Twenty-six years ago, my world shifted forever the moment I held my 7 pound, 8 ounce, 21-inch-long baby boy. I knew right then that I would do everything I could to raise this tiny human, whom I already loved deeply, to be the best version of himself.
I think most parents can relate. And so, as we raise our children, we become time-management experts, doing our own work, volunteering, and socializing—often making sacrifices in all these areas—as we manage seemingly endless doctors' appointments, playdates, carpools, homework-helping, meal planning and the rest.
Our family grew to five, with the addition of two more boys and, slowly, each of them took over life's responsibilities which, eventually, included applying to colleges. And then, off they went, one by one, until suddenly, I didn't have all of that to manage anymore.
The quiet was at times wonderful and at times deafening.
While some parents are profoundly sad when their children leave home, others revel in their newfound freedom. Many, like me, fall somewhere in between. Either way, here are some helpful words of wisdom from women who've been there.
Reconnect with yourself.
When Terri DeBoer, meteorologist at WOOD TV and co-host of eightWest, navigated her children leaving home, she experienced deep emotions.
"What I discovered is that this transition is a process. Finding out who you are now is a journey, in the same way that parenthood was a journey," said DeBoer, who also authored Brighter Skies Ahead, an upbeat book that gives parents 50 strategies for weathering the empty nest.
She says the transition can be tough because, as our focus shifts, we have to give ourselves permission to do things we enjoy.
"It's not being selfish," she said. "It's healthy, and the healthiest thing you can do for your adult kids is to help them see you as a confident, healthy person."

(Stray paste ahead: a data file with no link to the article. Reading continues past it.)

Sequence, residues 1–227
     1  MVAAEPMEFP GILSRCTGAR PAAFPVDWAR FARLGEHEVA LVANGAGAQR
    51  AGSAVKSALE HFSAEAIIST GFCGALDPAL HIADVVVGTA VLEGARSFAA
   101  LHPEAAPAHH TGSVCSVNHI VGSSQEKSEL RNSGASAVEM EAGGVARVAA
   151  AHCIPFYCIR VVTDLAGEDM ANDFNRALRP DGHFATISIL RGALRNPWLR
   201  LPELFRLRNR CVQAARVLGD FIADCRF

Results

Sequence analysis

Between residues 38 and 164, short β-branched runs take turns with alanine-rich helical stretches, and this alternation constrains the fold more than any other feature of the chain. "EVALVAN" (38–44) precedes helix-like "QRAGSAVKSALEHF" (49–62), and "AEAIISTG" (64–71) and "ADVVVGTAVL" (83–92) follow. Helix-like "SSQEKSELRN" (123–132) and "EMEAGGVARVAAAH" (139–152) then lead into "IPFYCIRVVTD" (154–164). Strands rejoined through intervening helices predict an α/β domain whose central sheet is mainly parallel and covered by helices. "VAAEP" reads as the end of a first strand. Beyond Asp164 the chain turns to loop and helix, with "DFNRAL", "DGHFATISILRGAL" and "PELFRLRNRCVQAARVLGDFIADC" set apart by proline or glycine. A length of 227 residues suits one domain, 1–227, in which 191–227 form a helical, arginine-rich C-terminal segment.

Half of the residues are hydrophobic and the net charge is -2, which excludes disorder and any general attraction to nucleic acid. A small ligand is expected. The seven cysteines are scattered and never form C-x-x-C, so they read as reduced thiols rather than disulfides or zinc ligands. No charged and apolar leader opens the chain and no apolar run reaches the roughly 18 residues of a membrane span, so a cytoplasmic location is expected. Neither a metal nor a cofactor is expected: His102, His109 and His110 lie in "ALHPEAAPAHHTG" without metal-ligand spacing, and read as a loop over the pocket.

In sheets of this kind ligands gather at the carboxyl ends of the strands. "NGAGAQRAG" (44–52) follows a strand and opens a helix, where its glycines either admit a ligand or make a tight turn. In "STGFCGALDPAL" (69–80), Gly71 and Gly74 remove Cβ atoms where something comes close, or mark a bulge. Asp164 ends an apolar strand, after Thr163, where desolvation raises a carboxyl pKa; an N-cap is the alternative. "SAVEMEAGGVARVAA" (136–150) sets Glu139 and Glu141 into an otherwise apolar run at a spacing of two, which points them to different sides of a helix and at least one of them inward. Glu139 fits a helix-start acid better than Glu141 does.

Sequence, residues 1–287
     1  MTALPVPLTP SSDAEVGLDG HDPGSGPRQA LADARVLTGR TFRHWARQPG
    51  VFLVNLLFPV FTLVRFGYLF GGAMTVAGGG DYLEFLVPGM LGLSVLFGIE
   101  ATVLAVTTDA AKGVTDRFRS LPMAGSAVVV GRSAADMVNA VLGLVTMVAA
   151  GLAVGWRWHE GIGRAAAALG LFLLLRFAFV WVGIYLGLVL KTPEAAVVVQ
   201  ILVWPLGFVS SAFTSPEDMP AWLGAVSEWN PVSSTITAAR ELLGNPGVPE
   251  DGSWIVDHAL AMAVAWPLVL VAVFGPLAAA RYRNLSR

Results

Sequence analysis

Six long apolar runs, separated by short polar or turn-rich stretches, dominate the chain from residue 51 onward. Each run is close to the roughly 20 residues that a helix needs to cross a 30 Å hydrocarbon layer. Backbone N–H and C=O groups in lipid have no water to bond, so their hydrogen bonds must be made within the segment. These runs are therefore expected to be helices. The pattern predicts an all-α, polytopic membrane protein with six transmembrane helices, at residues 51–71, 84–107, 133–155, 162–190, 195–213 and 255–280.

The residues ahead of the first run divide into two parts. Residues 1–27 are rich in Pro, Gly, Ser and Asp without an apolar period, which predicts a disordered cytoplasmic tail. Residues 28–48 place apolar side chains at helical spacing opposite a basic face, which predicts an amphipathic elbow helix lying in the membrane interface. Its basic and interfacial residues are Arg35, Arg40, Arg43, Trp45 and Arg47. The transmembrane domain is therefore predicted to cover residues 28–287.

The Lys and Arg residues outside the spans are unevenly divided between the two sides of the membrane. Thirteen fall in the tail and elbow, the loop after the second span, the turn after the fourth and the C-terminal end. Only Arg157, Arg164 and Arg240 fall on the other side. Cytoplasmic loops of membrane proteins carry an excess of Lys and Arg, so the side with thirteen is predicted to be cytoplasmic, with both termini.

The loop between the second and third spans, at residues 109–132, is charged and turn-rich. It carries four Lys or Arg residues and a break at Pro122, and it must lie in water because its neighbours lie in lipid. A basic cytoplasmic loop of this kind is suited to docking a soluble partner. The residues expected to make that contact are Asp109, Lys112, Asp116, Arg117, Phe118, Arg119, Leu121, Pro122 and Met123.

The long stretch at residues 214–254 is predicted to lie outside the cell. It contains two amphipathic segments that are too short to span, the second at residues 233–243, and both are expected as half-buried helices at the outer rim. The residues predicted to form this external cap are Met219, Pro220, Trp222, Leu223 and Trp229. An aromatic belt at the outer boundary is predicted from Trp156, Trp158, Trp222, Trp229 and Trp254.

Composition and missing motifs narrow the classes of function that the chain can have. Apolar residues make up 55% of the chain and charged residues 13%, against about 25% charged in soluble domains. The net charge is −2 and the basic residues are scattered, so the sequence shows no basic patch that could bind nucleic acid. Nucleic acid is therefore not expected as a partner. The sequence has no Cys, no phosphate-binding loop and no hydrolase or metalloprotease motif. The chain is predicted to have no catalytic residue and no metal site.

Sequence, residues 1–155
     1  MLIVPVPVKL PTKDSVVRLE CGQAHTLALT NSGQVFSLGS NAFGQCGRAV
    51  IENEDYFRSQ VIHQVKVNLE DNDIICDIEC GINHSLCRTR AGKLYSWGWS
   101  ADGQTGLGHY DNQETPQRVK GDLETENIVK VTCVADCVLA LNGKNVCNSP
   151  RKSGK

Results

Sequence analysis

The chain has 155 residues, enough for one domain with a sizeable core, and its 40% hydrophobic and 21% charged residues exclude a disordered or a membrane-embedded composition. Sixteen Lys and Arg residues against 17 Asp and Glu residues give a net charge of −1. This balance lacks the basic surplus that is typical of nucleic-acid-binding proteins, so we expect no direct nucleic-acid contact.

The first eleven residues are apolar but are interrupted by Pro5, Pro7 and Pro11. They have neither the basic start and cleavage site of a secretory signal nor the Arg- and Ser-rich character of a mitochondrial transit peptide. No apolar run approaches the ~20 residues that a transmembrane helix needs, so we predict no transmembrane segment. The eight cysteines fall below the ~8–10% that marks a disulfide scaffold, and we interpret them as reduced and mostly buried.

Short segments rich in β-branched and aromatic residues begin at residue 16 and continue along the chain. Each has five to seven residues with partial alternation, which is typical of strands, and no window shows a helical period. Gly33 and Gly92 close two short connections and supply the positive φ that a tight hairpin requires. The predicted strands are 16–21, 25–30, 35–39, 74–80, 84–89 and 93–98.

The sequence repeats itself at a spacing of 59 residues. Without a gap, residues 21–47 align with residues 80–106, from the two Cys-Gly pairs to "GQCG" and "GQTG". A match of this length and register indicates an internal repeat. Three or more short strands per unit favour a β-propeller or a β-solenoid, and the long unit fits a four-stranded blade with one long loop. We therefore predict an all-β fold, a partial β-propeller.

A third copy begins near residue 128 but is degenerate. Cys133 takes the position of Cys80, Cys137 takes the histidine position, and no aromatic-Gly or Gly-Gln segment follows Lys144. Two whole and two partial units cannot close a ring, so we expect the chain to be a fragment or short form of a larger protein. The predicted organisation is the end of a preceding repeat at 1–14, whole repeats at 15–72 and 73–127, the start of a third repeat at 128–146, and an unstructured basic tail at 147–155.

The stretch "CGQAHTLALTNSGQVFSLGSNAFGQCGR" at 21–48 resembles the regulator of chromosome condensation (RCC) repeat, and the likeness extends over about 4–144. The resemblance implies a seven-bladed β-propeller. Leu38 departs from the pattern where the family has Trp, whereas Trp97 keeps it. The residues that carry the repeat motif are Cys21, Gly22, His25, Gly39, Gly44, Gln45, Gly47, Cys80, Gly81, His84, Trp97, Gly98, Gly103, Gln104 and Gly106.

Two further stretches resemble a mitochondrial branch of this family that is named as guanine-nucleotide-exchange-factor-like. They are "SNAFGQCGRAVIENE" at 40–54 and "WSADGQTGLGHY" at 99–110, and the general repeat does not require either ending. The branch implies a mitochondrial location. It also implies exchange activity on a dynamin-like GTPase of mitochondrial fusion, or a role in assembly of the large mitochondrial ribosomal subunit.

After some introspection, you may find yourself drawn to volunteering, a new hobby, or even a part or full-time job.
If you're partnered, you have an opportunity to rekindle romance after years of kid-raising, through shared interests and spontaneous fun. But friendships are important, too.
"Evaluating friendships is a tough part of the empty nest season," said DeBoer, who suggests examining friendships as you move forward. "If you don't, you can get stuck in a circle that no longer serves you, doesn't push you forward, and maybe doesn't push the other person forward either."
When you do connect with others, consider trying new things together. Sandi Clegg, a mom of three grown boys from Grand Rapids, vacationed without her spouse for the first time. She traveled to Croatia with a group of friends, something she says she would never have done when her boys were younger.
"It was so rewarding to know my girlfriends and I could do this on our own," Clegg said. "My boys and husband were excited for me. It was a great, guilt-free trip."
Level up your fitness.
When Janice VanVelsen Scharich, a pediatric physical therapist in Grand Rapids, found herself with fewer kid-related commitments, she decided to recommit to fitness and tried a Zumba class. A former athlete, she eventually found her way to the pickleball court.
"In some ways I questioned picking up a new sport at this stage, but the community is so inclusive," said Scharich. She woke up excited to play games after her workdays. Last November, she won gold in the 2022 Pickleball Nationals in Women's Singles.
"Pickleball has been a huge part of my transition to the empty nest," she said. "I've seen myself grow, it's given me excitement and energy, and my social life has exploded with new friends. It's also been crucial to my mental health."
Regardless of what type of fitness you choose, you can't lose by focusing on health and wellness.
Embrace your child's adulthood.
Your child was made for this: to learn, to grow, to launch. If you're struggling with grief, remember that while your role is changing, it's not ending. You can cultivate a deep friendship with your adult child, complete with new traditions.
Recognize, too, that it will take some time to adjust to the new normal. Don't expect to feel great about everything right out of the gates. You'll get there.
"It's a mental paradigm shift," DeBoer said. "Your kids aren't leaving you. They're going toward what's meant for them."
If you can't shake your grief, consider speaking with a therapist.
Kirsetin Morello is a Michigan-based author, speaker, writer, travel-lover, wife and grateful mom of three boys. Read more about her at www.KirsetinMorello.com.
You can order an autographed copy of Brighter Skies Ahead and its companion journal at terrideboer.com.
Explore communities like Revel (hellorevel.com) that offer online and in-person events for women over 40.
This article originally appeared in the Feb/Mar '23 issue of West Michigan Woman.